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Lobby 7 Poster Insulting and Unjustified



Column by Zachary Emig
Cartoonist

If the label used to categorize my comic "Rhino Man" on the pillar poster in Lobby 7 wasn't so offensive, I might consider the whole matter laughable.

But I cannot silently accept the unjustified use of my cartoon as an example of an "anti-Asian stereotype" or the specific heading it is under, which states that it is a "caricature" or a racial slur which I won't dignify by repeating.

Unfortunately, the sponsors of the poster didn't feel it was necessary to provide any insight into what exactly they found so offensive, other than to tag "Rhino Man" with an inaccurate label. In the first place, the slur used to condemn "Rhino Man" is, according to the Oxford English Dictionary, a derogatory term for Chinese people dating from the turn of the century. Perhaps before using it, the sponsors of the poster should have considered (besides basic civility) whether any of the characters in the comic are actually Chinese. How a Japanese arch-villain, Dr. Sasori, could be considered derogatory toward Chinese people is beyond me.

That leaves the word "caricature," which also completely misses the mark. Since I didn't draw Dr. Sasori to resemble anyone in particular, he's obviously not a caricature in that sense of the word. The other definition of a caricature is a "grotesque or ludicrous representation of persons or things by exaggeration of their most characteristic and striking features" (Oxford English Dictionary, emphasis mine). Is a metallic claw for a hand a "characteristic" feature of Asians? Is a handlebar mustache? These notions are ridiculous, but apparently the poster makers find some merit in them.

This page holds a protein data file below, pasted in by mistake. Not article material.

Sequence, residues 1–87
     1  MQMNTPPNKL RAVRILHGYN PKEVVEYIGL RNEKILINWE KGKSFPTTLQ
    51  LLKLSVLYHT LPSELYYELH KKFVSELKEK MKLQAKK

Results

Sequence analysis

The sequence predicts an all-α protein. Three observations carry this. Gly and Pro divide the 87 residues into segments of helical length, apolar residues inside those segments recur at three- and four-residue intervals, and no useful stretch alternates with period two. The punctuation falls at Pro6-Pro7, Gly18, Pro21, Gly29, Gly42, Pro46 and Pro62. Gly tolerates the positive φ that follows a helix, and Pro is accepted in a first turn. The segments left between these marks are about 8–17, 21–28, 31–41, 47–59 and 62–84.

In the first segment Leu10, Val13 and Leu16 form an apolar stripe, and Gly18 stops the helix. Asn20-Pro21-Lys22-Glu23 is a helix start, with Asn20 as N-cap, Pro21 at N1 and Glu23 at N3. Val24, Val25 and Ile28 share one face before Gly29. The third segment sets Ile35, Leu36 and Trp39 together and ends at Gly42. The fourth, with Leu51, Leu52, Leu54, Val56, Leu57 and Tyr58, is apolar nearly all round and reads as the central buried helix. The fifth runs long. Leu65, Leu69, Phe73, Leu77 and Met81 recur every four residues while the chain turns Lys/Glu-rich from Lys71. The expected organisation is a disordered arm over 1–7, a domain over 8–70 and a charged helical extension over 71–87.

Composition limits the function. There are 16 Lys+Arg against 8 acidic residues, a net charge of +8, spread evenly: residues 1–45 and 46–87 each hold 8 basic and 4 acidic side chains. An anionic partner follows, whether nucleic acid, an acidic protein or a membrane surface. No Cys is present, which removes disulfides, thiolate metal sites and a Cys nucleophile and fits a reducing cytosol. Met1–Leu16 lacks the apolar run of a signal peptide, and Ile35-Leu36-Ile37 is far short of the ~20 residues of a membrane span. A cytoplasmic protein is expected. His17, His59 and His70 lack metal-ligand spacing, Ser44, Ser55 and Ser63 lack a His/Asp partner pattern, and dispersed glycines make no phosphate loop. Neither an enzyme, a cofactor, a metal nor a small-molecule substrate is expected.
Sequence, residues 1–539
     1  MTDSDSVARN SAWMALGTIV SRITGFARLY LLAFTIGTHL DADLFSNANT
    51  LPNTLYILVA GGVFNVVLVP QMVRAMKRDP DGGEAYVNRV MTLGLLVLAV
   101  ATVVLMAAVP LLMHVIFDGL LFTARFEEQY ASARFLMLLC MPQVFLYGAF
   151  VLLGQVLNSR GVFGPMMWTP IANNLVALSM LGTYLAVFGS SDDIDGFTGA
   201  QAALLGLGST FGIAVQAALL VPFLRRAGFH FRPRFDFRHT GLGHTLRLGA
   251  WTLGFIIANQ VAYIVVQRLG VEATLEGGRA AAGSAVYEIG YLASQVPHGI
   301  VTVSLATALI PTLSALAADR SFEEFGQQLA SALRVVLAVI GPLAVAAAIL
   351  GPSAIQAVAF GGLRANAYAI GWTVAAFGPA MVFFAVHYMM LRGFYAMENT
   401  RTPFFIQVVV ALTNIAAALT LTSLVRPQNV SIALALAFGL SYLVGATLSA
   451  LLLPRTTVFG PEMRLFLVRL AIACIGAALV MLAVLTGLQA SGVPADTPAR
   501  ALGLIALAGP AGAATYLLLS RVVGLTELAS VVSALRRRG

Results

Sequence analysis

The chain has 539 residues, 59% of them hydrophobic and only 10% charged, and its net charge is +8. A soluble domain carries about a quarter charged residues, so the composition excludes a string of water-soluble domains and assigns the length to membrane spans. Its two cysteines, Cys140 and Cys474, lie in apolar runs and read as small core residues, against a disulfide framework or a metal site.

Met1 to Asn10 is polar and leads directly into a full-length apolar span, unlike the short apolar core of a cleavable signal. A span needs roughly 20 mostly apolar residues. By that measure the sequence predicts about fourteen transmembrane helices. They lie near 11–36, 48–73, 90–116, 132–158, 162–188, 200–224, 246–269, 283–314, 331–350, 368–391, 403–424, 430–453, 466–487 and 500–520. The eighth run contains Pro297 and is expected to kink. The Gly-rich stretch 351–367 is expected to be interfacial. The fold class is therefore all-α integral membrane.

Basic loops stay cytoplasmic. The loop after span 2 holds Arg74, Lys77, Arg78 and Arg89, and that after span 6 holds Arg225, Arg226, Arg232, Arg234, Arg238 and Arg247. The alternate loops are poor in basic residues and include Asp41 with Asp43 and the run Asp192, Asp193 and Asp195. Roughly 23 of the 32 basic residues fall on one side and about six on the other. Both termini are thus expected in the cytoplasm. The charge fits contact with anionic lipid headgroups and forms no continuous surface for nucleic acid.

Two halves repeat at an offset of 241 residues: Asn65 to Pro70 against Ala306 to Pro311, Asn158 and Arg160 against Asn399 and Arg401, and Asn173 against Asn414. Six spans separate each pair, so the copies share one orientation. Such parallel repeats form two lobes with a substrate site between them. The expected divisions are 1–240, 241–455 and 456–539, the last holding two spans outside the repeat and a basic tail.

So perhaps Dr. Sasori wasn't meant to fall under the category of a "caricature" but instead was included on the poster as a general purpose "anti-Asian stereotype." True, Dr. Sasori is both Asian and a villain, but if that is all that's required to be a negative stereotype, the art community is in serious trouble. Under that rationale, Shakespeare's work is teeming with anti-English stereotypes.

Along the same lines, wouldn't the fact that another of my characters, Professor Atama, is both Asian and a hero be an example of a pro-Asian stereotype? I suppose it is just coincidence that the cartoon appearing on the poster is one of the two (out of six cartoons published at the time) which did not contain a shot of Professor Atama. This is just speculation, of course, since the poster's sponsors didn't provide any explanation for their charges.

In the end, it is the careless and casual nature with which these inflammatory statements were made that concerns me the most. When one is preparing to make such insulting assertions in a public forum, civility dictates that they be backed up with arguments. Upon reading the poster on Wednesday, I wrote my e-mail address on it imploring anyone who found it offensive to talk directly to me. The silence has been deafening.

At the same time, I sent e-mail to the sponsors of the poster, which includes the Asian Caucus and Arab Students Organization, at the e-mail addresses provided (ascore@mit.edu and arab-comm@mit.edu). All I asked for was some explanation of their actions. They haven't had the dignity to respond.

As of this writing (Sunday morning), nobody who found "Rhino Man" to be an "anti-Asian stereotype" has sent me anything, much less a logical argument for its inclusion on the poster. It's as if they slapped it up there as a trial balloon, waiting to see if it struck a nerve with the MIT community. Taking so cavalier an attitude while using such harsh rhetoric is completely irresponsible. I suppose it is much easier slinging mud from behind the veil of anonymity and the self-righteous shield of political correctness. It is also an act of extreme cowardice.

As always, if anyone has any constructive comments, suggestions, or criticisms (preferably things more specific than "it sucks" or "it's cool"), feel free to e-mail me at zbemig@mit.edu.